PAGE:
Sri Lanka: Sexual and domestic violence, including legislation, state protection, and services available for victims
|Publisher||Immigration and Refugee Board of Canada|
|Publication Date||25 January 2012|
|Citation / Document Symbol||LKA103947.E|
|Related Document||Sri Lanka : information sur la violence sexuelle et familiale, y compris les lois, la protection offerte par l'État et les services offerts aux victimes|
|Cite as||Immigration and Refugee Board of Canada, Sri Lanka: Sexual and domestic violence, including legislation, state protection, and services available for victims, 25 January 2012, LKA103947.E, available at: http://www.refworld.org/docid/4f4f33322.html [accessed 19 May 2013]|
|Disclaimer||This is not a UNHCR publication. UNHCR is not responsible for, nor does it necessarily endorse, its content. Any views expressed are solely those of the author or publisher and do not necessarily reflect those of UNHCR, the United Nations or its Member States.|
1. General Situation
Sources report that sexual and domestic violence directed towards women are "pervasive" (US 8 Apr. 2011, Sec. 6) and "serious" problems in Sri Lanka (Freedom House 2011). An article by the United Nations' (UN) Integrated Regional Information Networks (IRIN) quotes a representative of the UN Population Fund as saying that "'[t]he prevalence of gender-based violence is reported to be high and widespread, cutting across class, race, ethnicity and religion'" (UN 27 Nov. 2008). However, a 2010 Asian Human Rights Commission (AHRC) report on the state of human rights in Sri Lanka states that young women who belong to low social castes or ethnic minorities are more likely to become victims of sexual abuse (2010, 46).
Sources also indicate that violence against women in Sri Lanka is increasing (Daily News 9 Mar. 2009; UN 27 Nov. 2008; ibid. 3 Apr. 2008, para. 20). A summary, prepared by the Office of the UN High Commissioner for Human Rights, of a submission by 32 stakeholders to the UN Human Rights Council states that women were specifically targeted during the civil war in the country (ibid.). In its Freedom in the World 2011 report, Freedom House likewise states that "[v]iolence against women, including rapes, increased along with the general fighting in the civil conflict, and has also affected female prisoners and interned IDPs [internally displaced persons]" (2011). In a report on the situation of women in the north and east of the country, the International Crisis Group notes that there are indications that violence against women and children throughout Sri Lanka has "worsened" as a result of the civil war (20 Dec. 2011, 2).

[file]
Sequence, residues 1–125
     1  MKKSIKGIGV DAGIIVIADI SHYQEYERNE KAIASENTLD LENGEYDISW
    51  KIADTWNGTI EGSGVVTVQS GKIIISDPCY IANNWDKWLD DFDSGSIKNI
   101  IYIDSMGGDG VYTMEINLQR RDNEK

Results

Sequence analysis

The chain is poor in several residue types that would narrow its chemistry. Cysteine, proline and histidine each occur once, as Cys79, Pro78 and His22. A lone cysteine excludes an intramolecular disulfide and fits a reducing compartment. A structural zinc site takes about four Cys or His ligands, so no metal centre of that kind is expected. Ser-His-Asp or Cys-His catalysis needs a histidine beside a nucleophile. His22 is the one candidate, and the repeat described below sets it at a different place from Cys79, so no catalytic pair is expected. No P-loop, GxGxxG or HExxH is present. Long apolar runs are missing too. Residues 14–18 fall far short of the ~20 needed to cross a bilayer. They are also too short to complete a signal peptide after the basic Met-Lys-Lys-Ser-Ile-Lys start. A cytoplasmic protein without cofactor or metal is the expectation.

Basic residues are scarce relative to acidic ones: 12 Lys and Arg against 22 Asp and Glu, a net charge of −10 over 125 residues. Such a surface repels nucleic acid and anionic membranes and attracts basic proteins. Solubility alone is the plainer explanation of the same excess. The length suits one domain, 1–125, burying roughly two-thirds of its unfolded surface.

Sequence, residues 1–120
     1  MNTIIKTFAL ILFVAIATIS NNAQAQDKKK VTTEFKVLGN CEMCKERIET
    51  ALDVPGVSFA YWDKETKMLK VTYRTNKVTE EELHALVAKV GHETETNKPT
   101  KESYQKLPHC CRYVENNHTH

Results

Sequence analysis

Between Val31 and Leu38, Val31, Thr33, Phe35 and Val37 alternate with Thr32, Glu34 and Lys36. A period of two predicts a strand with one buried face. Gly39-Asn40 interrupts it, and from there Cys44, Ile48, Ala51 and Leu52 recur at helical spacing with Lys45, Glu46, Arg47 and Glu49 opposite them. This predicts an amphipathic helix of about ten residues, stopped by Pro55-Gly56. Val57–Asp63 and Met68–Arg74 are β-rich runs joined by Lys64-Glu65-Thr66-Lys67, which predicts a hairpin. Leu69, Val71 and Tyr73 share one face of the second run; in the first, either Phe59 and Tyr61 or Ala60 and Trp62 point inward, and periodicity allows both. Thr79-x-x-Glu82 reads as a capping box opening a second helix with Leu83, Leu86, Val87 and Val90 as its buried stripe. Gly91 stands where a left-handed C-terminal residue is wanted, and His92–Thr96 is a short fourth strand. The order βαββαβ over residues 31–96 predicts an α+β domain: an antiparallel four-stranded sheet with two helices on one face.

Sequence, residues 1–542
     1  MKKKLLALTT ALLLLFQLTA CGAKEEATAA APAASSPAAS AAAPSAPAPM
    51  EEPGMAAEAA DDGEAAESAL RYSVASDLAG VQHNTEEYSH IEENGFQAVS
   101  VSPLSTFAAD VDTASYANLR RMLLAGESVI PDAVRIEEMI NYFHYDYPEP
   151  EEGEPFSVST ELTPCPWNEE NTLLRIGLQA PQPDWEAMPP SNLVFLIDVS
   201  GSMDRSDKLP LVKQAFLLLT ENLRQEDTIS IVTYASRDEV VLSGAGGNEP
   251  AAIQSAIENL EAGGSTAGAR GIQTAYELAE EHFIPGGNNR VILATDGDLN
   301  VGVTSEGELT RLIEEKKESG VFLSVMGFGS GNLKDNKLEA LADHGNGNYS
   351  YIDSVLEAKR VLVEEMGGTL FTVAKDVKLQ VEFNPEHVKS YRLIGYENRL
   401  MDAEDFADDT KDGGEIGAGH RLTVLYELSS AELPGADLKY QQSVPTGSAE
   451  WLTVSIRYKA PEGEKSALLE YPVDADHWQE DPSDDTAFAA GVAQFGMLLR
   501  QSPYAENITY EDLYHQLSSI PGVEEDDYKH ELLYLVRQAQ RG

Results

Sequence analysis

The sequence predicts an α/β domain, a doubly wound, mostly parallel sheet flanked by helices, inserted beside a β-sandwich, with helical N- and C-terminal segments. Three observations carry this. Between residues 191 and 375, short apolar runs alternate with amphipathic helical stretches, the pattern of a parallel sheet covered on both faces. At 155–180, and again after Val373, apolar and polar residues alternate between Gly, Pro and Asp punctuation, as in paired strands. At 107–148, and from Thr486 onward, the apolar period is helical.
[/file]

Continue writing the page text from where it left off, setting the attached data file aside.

1.1 Statistics on Violence Against Women
Some observers note the lack of "disaggregated data" concerning violence directed against women (Sri Lankan NGO Collective 14 Oct. 2011, 23; WHO n.d.), as there are no systems in place to collect gender-specific information (ibid.). According to a shadow report prepared for the UN Committee Against Torture by a collective of Sri Lankan non-governmental organizations (NGOs) dedicated to human rights, "it is not possible to assess the true extent of crimes against women" because of this lack of information (Sri Lankan NGO Collective 14 Oct. 2011, 23).
Nevertheless, some figures on sexual and domestic violence were found in several sources consulted by the Research Directorate (ibid.; IPS 22 Mar. 2011; UN 27 Nov. 2008.). The UN's IRIN reports that, according to the officer responsible for the Bureau for the Prevention of Abuse of Children and Women of the Sri Lanka Police Department, "[p]olice stations nationwide routinely record between 8,000 and 10,000 cases of violence against women per month" (ibid.). An article from the Inter Press Service (IPS) news agency, however, states that the Police Bureau for the Protection of Women and Children receives from 8,000 to 10,000 cases of "domestic violence" annually (22 Mar. 2011).